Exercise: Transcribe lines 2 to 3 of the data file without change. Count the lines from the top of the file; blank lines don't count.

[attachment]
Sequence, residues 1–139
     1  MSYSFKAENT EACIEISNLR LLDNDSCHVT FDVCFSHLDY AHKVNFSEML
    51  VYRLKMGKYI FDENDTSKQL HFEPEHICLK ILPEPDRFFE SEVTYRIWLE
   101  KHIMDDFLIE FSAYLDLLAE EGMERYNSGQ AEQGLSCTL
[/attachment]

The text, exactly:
     1  MSYSFKAENT EACIEISNLR LLDNDSCHVT FDVCFSHLDY AHKVNFSEML
    51  VYRLKMGKYI FDENDTSKQL HFEPEHICLK ILPEPDRFFE SEVTYRIWLE